During the season he excelled in run support, and though his pass coverage isn't bad, it is his weak point. He is known for being hesitant in pass coverage and often goes for the big hit on the receiver rather than making a play on the ball.
His technique, pursuit angles, decision-making are often less than ideal as well. But he often makes up for mistakes with his superior athleticism and excellent effort.
Despite his big hit ability, he often misses open-field tackles and rarely drives through while tackling. He is often fooled by play fakes and pump action, and his hips are said to be too tight to excel in man coverage.
Many believe Al Davis will fall in love with Mays' physical ability and won't be able to resist taking him eighth overall.
Because of his tight hips and impressive range covering, he would make a great FS for the Raiders covering the deep zone...except for when the offense runs play-action.
But drafting Mays would mean giving up on Michael Huff (former first round pick) and Michael Mitchell (former second round pick). That is why the Raiders will not pull the trigger on Mays.
Mel Kiper's latest mock has Anthony Davis going to the Raiders.
Antony Davis, by some accounts, is an ideal build for an NFL offensive tackle and has more upside than any other prospect.
At 6'5", 325, he has massive legs and a broad wingspan. He plays with tremendous strength and leverage and is easily the most dominant run blocker in the draft.
His pass blocking is above average, but he lacks lateral movement and may have trouble with some of the NFL's speed rushers.
Unless he improves his athleticism and quickness, he is an unlikely candidate to play left tackle, but he is an ideal candidate to play on the right side.
His weight, conditioning, and ability to get to the second level are all mild concerns. He may be this year's Andre Smith.
At the Combine he only disappointed. He looked slow, out of shape, and out of sync. In the bench he only put up 21 reps at 225.
Because of his results at the Combine he has likely fallen off the Raiders' radar. But if they are willing to disregard the Combine, they may consider him. He is by no means a left tackle but is well suited to play the right side.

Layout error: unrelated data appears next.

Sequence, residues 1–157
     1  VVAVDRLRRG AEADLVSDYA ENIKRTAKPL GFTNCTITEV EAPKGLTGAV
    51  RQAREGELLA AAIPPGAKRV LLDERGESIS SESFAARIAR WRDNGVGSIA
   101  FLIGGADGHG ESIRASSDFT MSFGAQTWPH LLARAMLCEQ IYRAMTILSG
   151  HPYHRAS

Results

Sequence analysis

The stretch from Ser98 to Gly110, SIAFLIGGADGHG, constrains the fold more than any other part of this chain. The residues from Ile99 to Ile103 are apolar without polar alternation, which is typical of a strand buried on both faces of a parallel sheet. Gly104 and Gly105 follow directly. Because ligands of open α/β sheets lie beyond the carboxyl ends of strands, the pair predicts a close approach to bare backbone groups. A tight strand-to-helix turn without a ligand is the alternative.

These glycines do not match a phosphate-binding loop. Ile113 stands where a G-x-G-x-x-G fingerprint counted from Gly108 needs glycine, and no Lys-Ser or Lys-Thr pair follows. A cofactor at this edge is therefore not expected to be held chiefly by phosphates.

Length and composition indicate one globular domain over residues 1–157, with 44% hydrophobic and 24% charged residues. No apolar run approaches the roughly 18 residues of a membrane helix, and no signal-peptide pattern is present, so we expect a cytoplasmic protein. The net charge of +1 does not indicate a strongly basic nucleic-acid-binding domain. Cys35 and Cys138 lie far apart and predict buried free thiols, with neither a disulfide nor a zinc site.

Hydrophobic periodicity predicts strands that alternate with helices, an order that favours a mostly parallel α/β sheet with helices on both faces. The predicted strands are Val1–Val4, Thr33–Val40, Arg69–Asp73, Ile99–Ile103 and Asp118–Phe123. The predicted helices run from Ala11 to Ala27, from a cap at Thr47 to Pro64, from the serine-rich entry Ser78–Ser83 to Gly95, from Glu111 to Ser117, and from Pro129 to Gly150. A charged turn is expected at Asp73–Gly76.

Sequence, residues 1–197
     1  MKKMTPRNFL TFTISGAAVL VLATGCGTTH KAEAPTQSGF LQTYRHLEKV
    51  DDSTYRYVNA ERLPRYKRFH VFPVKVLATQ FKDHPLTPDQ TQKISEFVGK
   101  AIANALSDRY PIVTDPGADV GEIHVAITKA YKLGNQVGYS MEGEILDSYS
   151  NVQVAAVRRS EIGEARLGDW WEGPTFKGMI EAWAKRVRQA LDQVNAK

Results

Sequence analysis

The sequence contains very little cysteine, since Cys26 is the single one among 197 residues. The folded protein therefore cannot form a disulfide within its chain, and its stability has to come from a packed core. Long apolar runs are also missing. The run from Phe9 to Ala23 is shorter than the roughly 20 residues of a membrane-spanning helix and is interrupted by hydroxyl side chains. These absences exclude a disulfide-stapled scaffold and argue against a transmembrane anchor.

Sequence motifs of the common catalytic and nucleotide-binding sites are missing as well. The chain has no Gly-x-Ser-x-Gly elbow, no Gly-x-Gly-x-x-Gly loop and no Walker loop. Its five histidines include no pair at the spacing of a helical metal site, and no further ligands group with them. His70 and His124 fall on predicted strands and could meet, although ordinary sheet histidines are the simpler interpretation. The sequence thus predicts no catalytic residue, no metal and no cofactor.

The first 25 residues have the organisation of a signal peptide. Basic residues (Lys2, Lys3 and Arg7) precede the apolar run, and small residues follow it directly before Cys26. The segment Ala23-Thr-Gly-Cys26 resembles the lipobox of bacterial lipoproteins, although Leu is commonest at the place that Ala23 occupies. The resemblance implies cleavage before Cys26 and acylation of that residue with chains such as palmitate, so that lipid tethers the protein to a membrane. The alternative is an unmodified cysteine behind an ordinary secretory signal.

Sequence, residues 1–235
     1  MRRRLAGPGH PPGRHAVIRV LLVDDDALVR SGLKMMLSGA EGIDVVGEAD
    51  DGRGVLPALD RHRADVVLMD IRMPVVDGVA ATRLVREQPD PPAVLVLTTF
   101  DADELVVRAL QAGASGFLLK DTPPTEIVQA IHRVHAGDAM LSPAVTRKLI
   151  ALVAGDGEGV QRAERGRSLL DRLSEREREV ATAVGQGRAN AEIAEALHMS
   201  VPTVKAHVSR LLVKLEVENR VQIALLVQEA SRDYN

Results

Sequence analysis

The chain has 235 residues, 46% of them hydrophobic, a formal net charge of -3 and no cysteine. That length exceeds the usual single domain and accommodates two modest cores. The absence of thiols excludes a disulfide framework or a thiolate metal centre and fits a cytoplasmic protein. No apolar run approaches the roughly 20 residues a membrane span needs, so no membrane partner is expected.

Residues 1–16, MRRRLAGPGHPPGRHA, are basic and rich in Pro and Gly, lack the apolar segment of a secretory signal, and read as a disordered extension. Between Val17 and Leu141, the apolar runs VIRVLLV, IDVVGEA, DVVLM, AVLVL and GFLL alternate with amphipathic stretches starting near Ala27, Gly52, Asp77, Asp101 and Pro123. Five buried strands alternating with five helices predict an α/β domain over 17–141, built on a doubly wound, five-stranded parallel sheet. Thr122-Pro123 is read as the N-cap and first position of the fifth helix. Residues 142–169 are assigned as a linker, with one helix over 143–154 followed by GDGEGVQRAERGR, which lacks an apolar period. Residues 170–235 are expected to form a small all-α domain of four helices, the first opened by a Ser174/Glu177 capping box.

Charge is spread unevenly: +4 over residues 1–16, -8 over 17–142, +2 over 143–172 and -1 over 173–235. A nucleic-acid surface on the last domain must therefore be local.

By many considered as the only "can't miss" O-line prospect in the draft. The chances of him falling to the Raiders are slim to none.
At 6'5", 305, the man seems to have no weaknesses. He is overly athletic for an O-lineman. He is great in pass protection and is a road grader run-blocking.
It would be a blessing if he were to fall to the Raiders, and he would be the answer to many of the Raiders' offensive woes.
Despite the fact that a few new mocks have Anthony Davis passing Okung as the first OT taken, such scenarios are no more than wishful thinking, especially now that the Combine is over.
If somehow he falls to the Raiders at the eighth pick, it would be a blessing the team cannot pass on.
Physically, Carlos Dunlap is in a league of his own.
He opted out of most of the Combine events, choosing to work out at his pro day. But he did weigh in at a lean 6'6", 277 pounds and ran a 4.7 40-yard dash. That's down from his former 290-pound self.
Regardless, the man is a beast.
Because of his size and strength, he excels against the run, and because of his superior physical ability, he is among the draft's top pass rushers.
But there is no such thing as a perfect player—the man has his flaws.
He is an above-average pass rusher, but he relies on his athleticism too much. He can beat offensive linemen around the edge or with a bull rush, but he has no "moves"—no spin, no swim, nothing.
He also has been accused of taking plays off, and there is that whole DUI thing. Many think despite his vast array of physical tools he is yet to live up to his potential.
By some accounts he has the most boom or bust potential, making him a real gamble.
If the Raiders drafted him, they would have the most dominant D-end tandem with Seymour and Dunlap, but at the expense of neglecting the O-line and interior D-line.
Al Davis may fall in love with his height-weight-speed combination, but the Raiders should not use the eighth pick on him because of other needs.
Though a likely first round selection, opinions about his ability vary. He either has tremendous upside and should be one of the first OTs taken in the draft, or he is the most overrated OT in this year's draft.